Getting organized takes some courage. The courage to take actions that result in change. It may take many steps – baby steps. But every step counts!!
Maybe you’ve had nagging thoughts. These thoughts become annoying or stressful. They sound like:
Let me help you imagine what can follow next.
First, you recognize that you’re having these thoughts. Being conscious causes awareness in the present. You are very Present! This is the first baby step you take.
You realize you want support. You take time to find the “right ” person who will help you get the job done. You inquire by asking others, searching the internet, or hiring a Professional Organizer – more baby steps.
Each baby step demonstrates your courage and adds up.
Even though it feels uncomfortable, you finally decide to reveal the secrets and feelings that are challenging – with courage.
You clear time in your busy schedule and make appointments to organize. You work hand in hand at the scheduled appointment, staying open to guidance and suggestions. You make decisions during the session, and even surprise yourself! Purging items you never thought you could, or would. You let the items go, out of your possession. Some that same day!
At this point you feel pleased with your progress, and the results from your hard work. You experience a sense of accomplishment, freedom, aliveness, motivation, peace. You commit to more work days and see a clearer space and vision for yourself.
All the baby steps have accumulated to cause a personal transformation – within yourself and your space!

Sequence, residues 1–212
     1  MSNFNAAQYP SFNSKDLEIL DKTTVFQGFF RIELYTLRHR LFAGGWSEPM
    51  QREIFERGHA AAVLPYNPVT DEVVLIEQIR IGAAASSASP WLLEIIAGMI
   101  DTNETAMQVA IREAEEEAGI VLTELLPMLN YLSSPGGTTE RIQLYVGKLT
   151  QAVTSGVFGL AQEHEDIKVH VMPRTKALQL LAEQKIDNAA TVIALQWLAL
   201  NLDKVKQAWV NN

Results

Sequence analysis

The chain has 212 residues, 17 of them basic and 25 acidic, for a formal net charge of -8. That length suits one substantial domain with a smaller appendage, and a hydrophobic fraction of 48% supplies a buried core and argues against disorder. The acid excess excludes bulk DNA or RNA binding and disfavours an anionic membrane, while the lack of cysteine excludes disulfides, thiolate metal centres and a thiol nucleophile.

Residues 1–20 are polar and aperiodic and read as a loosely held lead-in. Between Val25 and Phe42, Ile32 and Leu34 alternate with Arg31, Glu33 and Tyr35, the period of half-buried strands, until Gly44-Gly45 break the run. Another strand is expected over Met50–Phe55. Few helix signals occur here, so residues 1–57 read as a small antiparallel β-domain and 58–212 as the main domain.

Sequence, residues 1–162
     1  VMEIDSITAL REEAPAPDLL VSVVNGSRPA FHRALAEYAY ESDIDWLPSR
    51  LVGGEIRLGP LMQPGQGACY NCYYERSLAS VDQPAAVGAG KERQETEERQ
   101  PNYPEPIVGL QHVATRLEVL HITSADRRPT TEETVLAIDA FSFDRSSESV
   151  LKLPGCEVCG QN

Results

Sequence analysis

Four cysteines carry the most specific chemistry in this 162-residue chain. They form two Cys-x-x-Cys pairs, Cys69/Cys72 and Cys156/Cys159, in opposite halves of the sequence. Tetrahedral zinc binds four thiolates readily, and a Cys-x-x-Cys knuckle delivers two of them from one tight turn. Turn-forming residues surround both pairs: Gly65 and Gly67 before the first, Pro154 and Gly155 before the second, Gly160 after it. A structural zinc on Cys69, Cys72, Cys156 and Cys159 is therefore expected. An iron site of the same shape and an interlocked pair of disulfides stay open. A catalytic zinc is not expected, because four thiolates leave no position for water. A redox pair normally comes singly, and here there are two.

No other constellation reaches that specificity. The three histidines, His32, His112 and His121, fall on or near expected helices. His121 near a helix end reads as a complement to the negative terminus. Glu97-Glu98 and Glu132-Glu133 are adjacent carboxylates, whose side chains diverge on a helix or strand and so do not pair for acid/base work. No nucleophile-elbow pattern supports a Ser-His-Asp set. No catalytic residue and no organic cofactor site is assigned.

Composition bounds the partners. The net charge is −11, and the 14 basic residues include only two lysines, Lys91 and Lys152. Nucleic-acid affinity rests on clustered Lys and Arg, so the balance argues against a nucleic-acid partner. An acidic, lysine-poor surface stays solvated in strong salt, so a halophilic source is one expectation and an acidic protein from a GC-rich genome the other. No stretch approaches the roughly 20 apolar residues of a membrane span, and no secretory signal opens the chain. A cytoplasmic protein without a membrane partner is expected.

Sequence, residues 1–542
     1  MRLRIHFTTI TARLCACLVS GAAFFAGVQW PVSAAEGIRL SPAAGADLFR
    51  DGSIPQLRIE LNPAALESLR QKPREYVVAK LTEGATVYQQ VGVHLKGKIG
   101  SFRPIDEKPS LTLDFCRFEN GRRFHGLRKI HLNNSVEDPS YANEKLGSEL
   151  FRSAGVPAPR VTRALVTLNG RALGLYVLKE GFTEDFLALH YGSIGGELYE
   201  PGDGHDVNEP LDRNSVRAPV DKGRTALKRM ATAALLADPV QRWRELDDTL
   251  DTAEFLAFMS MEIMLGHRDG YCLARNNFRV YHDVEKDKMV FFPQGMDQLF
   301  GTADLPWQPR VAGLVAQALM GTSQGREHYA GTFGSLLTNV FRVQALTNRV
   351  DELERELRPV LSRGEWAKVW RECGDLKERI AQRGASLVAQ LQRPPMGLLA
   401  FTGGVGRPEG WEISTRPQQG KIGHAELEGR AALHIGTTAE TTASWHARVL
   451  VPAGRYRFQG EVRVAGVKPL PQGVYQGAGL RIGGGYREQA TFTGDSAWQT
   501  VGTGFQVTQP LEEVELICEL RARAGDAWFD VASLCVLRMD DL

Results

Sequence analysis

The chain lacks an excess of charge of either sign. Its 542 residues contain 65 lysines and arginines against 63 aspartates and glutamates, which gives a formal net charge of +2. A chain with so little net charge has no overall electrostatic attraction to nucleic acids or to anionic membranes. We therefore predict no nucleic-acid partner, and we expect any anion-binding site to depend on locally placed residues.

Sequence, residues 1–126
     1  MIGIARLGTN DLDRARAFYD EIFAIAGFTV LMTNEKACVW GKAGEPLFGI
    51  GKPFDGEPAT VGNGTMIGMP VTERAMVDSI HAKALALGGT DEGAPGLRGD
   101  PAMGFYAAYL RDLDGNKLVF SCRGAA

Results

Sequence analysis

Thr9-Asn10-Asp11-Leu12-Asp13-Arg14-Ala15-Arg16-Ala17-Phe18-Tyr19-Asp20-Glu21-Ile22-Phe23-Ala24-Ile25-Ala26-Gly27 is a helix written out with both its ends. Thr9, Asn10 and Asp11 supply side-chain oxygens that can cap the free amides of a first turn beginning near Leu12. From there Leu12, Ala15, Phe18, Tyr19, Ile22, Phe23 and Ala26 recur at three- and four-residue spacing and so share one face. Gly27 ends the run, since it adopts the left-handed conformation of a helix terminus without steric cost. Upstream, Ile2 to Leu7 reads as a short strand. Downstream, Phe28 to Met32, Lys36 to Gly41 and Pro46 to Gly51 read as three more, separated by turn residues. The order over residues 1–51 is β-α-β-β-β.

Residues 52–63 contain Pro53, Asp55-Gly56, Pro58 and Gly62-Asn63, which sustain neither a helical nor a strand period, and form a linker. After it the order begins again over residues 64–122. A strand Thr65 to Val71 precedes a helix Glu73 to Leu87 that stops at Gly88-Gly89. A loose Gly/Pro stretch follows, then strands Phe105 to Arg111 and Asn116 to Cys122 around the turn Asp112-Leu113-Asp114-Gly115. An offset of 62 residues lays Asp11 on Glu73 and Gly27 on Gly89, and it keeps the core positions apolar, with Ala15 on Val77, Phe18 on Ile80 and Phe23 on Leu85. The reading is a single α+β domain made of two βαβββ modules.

Congratulate yourself, it doesn’t matter how long or what it took to get to this point. Take a moment, breathe, and BE. You have earned it!
Who likes change and welcomes it? Most of us fear the unknown, even avoid it. Well, getting organized is a process of change. And, as growth is a byproduct of change, by embracing this change you are embarking into new possibilities of growth. Remember, with every step of the process, change occurs externally and internally.
“Change always comes bearing gifts” Price Pritchett
“We have thoughts, feelings and emotions, but we are not our thoughts feelings or emotions” Frances Vaughn
Mental Clutter is more mysterious and different from physical clutter. It hides, and resides in the mind disguised. It can be defined as an abundance of thoughts, and self-talk swirling around in our headspace! Layers of current thoughts, past thoughts and thoughts waiting to be triggered will occupy the mind space. Then if emotions arise, the mental clarity is gone and the cluttered brain exists.
On one level, mental clutter can be caused by:
On a deeper level, other mind clutter may not show up on your radar screen, depending on how self-aware you are. Things appear as they are, and we say it’s just the way it is!! We are blindsighted by the thought. Here’s one example: perfection. The thought of being perfect exists, regardless of why, or how it is there. You hold onto the belief that being perfect is the way to be and think. There isn’t much freedom in having this thought. It sabotages actions, and brings on negative self-talk.
Here’s what is true: we are in total control of what we choose to think or believe. Although what thoughts are in the mind can come from limiting beliefs you hold on to and live by. Sometimes these are generalizations, ideas or interpretations that you hold on to and then forget you did. At some time you may have felt strongly connected to them but now you’ve grown and changed and they don’t fit! All these thoughts may be laying dormant until something triggers it to surface. Next, you are living a life that’s not yours.